Motivated to reduce the unfair treatment of all stigmatized Muslims, they may use their American identity as an empowering strategy and to reaffirm that Muslims do indeed belong to the American tapestry. In sum, this body of work shows that Muslim youth’s identities are complicated and should be treated as such in intervention and prevention programs.
Supportive Muslim parents empower their children to have a stronger Muslim identity, engage in civic behaviors, and, ultimately, have greater well-being (Balkaya et al., 2019). Parents’ religious socialization efforts positively shape their children’s religious identity and religiosity, especially their day-to-day feelings about their religious group. These include talking to children about religion, engaging in religious practices together, encouraging friendships with other Muslim children and engaging in social activities with Muslims. .
Youth who received positive messages about Islam from their mothers had (1) more favorable attitudes about their religious group and (2) stronger beliefs that belonging to the Muslim group was an important part of their self-image daily (Balkaya-Ince et al., 2020). Parents can also protect youth from the adverse effects of discrimination. In one study, we found that their mothers’ supportive conversations strengthened youth’s identities and well-being when they faced discrimination.
This research for the past decade shows that Muslim youth are indeed thriving. Healthy identities with multiple groups serve as protective factors for youth when they experience discrimination. Parents play a crucial role in socializing youth and strengthening their identities.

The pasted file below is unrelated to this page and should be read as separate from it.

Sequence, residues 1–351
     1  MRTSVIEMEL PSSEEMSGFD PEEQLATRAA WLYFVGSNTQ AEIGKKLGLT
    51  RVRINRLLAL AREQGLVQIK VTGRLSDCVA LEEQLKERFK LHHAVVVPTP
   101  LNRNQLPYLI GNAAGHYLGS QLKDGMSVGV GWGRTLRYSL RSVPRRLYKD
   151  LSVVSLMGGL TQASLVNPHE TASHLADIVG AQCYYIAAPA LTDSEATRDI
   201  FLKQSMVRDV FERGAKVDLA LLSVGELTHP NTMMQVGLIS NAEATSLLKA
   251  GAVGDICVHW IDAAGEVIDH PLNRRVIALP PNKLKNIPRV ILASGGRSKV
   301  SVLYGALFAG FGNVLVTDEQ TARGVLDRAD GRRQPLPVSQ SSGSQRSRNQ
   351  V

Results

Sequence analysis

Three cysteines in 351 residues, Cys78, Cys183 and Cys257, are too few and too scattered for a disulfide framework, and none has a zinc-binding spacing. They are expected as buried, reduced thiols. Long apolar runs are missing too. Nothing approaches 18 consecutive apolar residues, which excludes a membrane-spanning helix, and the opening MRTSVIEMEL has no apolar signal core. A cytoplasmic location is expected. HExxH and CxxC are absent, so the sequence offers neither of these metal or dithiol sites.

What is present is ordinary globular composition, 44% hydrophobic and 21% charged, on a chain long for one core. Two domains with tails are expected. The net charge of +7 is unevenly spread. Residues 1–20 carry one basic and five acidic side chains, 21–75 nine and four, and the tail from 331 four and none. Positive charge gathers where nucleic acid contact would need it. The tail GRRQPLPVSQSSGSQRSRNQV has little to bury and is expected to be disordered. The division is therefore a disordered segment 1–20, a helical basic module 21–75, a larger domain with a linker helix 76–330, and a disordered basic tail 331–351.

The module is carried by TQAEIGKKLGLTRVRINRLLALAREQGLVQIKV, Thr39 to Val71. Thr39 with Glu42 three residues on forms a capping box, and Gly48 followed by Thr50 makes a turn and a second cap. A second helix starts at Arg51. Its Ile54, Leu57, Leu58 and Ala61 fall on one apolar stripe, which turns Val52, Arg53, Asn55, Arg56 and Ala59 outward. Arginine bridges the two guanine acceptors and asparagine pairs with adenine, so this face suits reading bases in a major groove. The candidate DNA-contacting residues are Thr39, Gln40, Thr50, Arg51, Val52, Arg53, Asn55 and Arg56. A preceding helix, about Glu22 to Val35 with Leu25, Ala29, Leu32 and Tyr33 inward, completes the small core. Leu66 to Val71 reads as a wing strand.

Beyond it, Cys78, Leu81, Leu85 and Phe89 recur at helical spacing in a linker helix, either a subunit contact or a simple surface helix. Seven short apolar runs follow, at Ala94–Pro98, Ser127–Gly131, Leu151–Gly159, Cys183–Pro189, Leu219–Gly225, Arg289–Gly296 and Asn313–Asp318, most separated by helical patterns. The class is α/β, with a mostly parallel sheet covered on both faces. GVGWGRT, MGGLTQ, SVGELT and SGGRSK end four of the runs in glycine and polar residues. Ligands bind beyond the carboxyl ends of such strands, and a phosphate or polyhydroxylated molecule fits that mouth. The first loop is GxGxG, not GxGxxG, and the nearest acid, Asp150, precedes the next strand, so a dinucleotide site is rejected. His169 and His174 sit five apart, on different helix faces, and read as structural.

However, not all Muslim youth are the same. They differ in individual characteristics, cultural backgrounds, generation levels, socioeconomic status and the different environments within which they reside. We must consider the interaction among these factors to accurately understand their experiences. Finally, American Muslim youth comprise many underserved subgroups that require special attention: young women, African American or Black youth, converts, and refugee youth. For more information on the needs of these subgroups, please see The FYI’s State of Muslim American Youth report.
Balkaya-Ince, M., Cheah, C. S. L., Kiang, L., & Tahseen, M. (2020). Exploring daily mediating pathways of religious identity in the associations between maternal religious socialization and Muslim American adolescents’ civic engagement. Developmental Psychology, 56(8), 1446–1457.
Balkaya, M., Cheah, C. S. L., & Tahseen, M. (2019). The role of religious discrimination and Islamophobia in Muslim-American adolescents’ religious and national identities and adjustment. Journal of Social Issues, Special Issue: To Be Both (and More): Immigration and Identity Multiplicity, 75, 538-567.
Tahseen, M., & Cheah, C. S. L. (2018). Who Am I? The social identities of Muslim-American adolescents. American Journal of Islamic Social Sciences, 35(1), 31-54).
Madiha Tahseen, Ph.D. (Univ. of Maryland, Baltimore County) is a research director and a community educator at The Family and Youth Institute. She researches, among other topics, individual and group identity development, parenting, acculturation and risk/protective factors of Muslim adolescents’ healthy development. A Muslim American community organizer for more than a decade, she is also an executive board member of Stones To Bridges, an anonymous online platform that helps Muslim youth address their emotional, social and behavioral needs. She can be reached at firstname.lastname@example.org.
[Adapted with permission from author’s article published as an AEMS post on “Human Development Matters,” a IIIT blog <iiit.org/blog/>, in June 2022.]